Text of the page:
What am I bid? The auctions have performed as expected, said Claire Boyte-White, policy director for the Department of Ecology, with all allowances sold and even some future units offered for bid, but the agency has been careful not to place expectations on carbon prices and the revenue to be raised. And, just two auctions in, it’s early to be drawing conclusions, she said.

“Two data points in a line are not a trend, so we just have to let the market do what the market is gonna do,” she said in an interview earlier this week.

It’s important to note that the agency is not setting the prices for the auctions; that’s determined by the market itself, by supply and demand and those who are buying the allowances.

The auctions, Boyte-White said, are not what many of us might imagine. No one is holding up a paddle to bid on a masterpiece, she said. Those purchasing allowances — those industries emitting more than 25,000 metric tons of greenhouse gases annually — submit sealed bids at the price they are willing to pay and for the number of allowances they want to purchase. But rather than using those bids to determine an average or median price, the lowest qualifying bid determines what everyone will pay for each allowance.

Yet, California, which is participating in a similar market with Quebec, Canada, is seeing prices of about $30 per ton of greenhouse gases. Why the difference?

Boyte-White explained that California’s market, which has been in operation for about 10 years, has had more time to moderate and to meet its carbon-reduction goals. As well, the California-Quebec market is about five times the size of Washington’s market, which also has a moderating effect on prices, she said.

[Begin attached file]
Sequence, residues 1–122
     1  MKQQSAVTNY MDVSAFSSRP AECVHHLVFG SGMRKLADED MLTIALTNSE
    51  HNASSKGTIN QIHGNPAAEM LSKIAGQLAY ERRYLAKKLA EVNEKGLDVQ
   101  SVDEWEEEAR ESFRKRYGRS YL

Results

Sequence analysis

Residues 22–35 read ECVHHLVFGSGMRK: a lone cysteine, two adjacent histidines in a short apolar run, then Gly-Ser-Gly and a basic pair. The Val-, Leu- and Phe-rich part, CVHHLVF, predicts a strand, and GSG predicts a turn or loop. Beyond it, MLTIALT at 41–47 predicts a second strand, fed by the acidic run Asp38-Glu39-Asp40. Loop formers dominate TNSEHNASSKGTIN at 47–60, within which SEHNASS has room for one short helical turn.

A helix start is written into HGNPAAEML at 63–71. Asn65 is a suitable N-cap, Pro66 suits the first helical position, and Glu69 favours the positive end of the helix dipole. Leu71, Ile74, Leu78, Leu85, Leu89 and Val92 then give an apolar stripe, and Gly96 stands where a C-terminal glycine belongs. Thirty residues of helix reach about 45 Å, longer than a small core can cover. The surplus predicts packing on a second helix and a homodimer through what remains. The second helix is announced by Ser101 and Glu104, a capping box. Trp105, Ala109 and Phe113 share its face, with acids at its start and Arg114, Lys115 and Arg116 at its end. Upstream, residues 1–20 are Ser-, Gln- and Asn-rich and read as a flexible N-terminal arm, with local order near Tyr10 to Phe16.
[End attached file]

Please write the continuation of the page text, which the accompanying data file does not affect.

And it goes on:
Prices for future auctions, she said, would be difficult to predict, but expectations are that prices will moderate over time, especially if other states create their own such carbon cap-and-invest programs.

Paying at the pump: That money, of course, has to come from somewhere, and oil companies and others aren’t likely to dip into their profits, and instead will pass the cost on to consumers. But how much of the costs of the carbon auctions will add to a gallon of gas won’t be as transparent as the state’s gas tax, a fixed amount for each gallon.

Proponents of the CCA and its carbon auctions, including Gov. Jay Inslee, did the program no favors by predicting consumers would pay a negligible amount; “We’re talking about pennies,” Inslee said last year.

Numerous factors determine the price of gas and diesel, Boyte-White said, beyond the price of a barrel of crude are the supply-and-demand variables determined by oil companies, cartels such as OPEC, shortages caused by the war in Ukraine and other impacts on supply, and more locally, periodic maintenance shutdowns of pipelines and refineries, not to mention seasonal demand from increased driving in the summer.